Jason Parillo was in the Honda Center in Anaheim, Calif. for UFC 121 last October when Tito Ortiz dropped to 0-4-1 in his last five contests in front of a hometown audience, remaining winless since 2006.
"He wanted to be there, but he didn't want to win a fight. I texted him as I was watching him leave the Octagon, I said, ‘I got your next fight. I'll take care of you.’ He took me up on it,” the boxing trainer told Bleacher Report after Ortiz knocked down Ryan Bader and submitted him via first-round guillotine choke at UFC 132 in Las Vegas, Nev.
Of the right hand that sent “Darth” to the mat, the man who honed former two-division UFC champion B.J. Penn’s hands commented, “We were able to put confidence into stepping in that pocket and let it go a bit better than [Ortiz] has in the past."
Parillo and Ortiz discussed linking up before the Hamill fight, but it never came to fruition. When Ortiz called to invite him to run the six-week UFC 132 camp, Parillo knew “The Huntington Beach Bad Boy” would be well-conditioned, but needed to cultivate a strong mental game to handle the pressure of what UFC president Dana White categorized as a pink-slip fight.
He said to the longest reigning 205-pound champion in UFC history, “The most important thing to me is you stick your head in that fine line is you get knocked the f--- out or you knock this guy out—one or the other. I want you to go [at] this guy and kill or be killed.”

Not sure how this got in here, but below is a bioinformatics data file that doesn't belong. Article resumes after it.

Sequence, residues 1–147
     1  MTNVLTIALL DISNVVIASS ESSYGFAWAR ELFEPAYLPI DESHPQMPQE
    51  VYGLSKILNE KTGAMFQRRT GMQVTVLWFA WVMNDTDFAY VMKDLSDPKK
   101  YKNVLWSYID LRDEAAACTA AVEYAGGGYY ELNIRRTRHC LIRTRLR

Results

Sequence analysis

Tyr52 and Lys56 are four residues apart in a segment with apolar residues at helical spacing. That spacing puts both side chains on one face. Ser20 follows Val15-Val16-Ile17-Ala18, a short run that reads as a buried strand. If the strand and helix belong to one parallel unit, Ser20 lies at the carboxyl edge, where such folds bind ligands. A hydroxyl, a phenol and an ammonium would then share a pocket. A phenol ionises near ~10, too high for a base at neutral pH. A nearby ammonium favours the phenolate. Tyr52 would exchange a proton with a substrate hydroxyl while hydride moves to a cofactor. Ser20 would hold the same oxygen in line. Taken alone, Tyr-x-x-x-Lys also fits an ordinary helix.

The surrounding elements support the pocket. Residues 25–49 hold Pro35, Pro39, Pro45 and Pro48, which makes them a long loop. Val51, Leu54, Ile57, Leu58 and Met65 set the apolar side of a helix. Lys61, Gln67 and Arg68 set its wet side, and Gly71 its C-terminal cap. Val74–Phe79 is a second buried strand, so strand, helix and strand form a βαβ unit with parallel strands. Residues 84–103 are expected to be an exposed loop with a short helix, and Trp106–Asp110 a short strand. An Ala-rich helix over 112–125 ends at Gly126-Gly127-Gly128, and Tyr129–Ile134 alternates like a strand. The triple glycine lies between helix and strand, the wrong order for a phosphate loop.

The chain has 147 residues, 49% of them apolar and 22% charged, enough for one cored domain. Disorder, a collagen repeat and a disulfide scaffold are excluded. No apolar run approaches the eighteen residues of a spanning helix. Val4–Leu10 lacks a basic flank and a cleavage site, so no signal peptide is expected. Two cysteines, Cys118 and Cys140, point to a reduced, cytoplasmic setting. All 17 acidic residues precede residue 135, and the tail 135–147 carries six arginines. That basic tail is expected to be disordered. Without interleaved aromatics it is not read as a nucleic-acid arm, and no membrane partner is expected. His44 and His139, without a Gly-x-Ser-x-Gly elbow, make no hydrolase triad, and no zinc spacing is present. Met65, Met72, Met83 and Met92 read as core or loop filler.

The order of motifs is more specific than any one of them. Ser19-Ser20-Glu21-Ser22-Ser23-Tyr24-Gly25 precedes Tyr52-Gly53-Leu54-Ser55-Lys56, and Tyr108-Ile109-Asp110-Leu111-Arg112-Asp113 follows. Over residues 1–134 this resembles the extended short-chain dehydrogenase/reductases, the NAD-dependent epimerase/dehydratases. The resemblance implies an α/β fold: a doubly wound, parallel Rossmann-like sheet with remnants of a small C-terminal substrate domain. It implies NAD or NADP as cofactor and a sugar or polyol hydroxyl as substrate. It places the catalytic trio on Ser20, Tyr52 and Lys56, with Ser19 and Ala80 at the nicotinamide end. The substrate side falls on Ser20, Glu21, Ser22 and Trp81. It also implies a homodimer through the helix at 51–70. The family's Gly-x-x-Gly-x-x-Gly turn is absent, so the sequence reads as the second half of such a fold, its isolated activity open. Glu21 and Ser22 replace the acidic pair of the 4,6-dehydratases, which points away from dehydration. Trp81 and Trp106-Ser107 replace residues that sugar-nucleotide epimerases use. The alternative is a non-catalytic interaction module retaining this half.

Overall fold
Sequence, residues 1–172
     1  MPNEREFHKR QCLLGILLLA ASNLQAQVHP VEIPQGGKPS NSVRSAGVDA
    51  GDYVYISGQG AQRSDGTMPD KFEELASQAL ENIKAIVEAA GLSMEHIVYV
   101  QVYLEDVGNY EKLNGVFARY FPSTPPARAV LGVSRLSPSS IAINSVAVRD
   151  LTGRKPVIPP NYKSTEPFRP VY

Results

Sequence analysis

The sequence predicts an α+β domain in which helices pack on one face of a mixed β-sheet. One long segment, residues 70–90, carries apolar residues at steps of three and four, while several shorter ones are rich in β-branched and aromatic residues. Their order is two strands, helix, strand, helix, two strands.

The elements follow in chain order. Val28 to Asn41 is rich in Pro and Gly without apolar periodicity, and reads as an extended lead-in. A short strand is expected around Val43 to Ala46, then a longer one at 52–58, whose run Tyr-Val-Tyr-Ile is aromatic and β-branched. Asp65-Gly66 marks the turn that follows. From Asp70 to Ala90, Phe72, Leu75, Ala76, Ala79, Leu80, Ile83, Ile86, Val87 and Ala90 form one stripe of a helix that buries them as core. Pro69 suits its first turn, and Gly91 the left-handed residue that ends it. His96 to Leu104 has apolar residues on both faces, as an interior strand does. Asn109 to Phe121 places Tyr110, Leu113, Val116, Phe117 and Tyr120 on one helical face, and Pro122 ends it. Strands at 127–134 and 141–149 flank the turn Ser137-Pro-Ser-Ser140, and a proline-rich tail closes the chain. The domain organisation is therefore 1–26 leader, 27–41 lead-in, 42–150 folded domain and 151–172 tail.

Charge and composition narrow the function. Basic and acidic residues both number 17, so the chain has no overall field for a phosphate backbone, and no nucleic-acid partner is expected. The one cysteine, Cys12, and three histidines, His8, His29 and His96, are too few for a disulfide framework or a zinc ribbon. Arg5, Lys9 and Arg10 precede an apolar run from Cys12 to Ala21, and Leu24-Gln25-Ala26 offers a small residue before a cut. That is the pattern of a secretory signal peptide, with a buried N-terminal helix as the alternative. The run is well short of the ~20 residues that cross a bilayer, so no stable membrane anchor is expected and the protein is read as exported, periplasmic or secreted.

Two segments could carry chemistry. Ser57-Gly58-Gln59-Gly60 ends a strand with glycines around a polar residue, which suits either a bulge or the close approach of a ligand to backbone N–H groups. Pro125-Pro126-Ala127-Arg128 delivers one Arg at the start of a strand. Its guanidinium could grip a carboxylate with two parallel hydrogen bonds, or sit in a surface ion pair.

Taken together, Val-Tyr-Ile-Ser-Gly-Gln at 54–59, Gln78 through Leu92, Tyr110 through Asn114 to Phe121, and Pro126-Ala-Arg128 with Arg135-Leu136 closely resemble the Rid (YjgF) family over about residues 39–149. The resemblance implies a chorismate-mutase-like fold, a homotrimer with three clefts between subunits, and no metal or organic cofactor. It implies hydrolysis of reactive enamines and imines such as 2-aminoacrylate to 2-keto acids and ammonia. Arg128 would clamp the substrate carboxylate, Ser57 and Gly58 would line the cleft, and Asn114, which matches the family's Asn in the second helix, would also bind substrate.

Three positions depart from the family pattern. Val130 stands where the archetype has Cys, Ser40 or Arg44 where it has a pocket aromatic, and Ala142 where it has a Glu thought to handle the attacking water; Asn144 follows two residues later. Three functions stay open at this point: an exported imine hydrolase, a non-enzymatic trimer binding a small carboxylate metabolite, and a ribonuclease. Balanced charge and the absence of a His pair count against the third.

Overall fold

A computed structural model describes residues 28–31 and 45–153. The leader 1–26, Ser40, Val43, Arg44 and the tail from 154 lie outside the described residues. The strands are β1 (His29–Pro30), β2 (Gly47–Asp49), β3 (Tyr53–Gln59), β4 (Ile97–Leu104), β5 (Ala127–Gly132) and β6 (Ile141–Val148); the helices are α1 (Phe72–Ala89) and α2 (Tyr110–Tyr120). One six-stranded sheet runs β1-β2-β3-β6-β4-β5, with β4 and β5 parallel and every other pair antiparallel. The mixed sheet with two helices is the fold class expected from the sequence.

Parillo describes a mutual belief in the gym for unearthing the finisher in Ortiz, who hadn’t stopped anybody not named Ken Shamrock since 2001 despite having only went to decision once in a five-defense title reign.
A former boxer, Parillo had the task of getting a fighter considered past his prime to his peak in time to defeat a once-defeated 5:1 favorite eight years younger than the 36-year-old former UFC light heavyweight champion.
"I watched him look at me in the eyes and internalize everything and believe what I'm telling him because he knew it to be true. There were fundamentals that we polished up and he just started clicking,” said the 37-year-old, noting they spent one-on-one time in the gym for a solid portion of the camp.
“His head hasn't been in the right place in a long time. He was in a position where he didn't have a choice but to listen to somebody and he chose to listen to me."
Parillo became confident in Ortiz leading up to the bout when sparring partners—and there weren’t many—that got the best of the Punishment Athletics founder in the past and saw the tides turn against them. The injuries and personal issues Ortiz has publicly endured throughout his four-year losing streak were put aside with mitt work.
Parillo even credits a message from B.J. Penn to Tito Ortiz to believe in the training and everything else would take care of itself as it did for the career-revitalizing performance.
Where Ortiz goes from here is up to him affirms Parillo.
"A hungry fighter that has much talent as Tito does and as much experience as Tito does, they're dangerous. He can do what he wants to do if he really wants to do it, and if that's win a world title, he'll win a world title,” concluded the Orange County RVCA Sports Center coach.
“If he wants to treat this fight like it was his world title, the future may not be that great. But I have a good feeling Tito's hungry."
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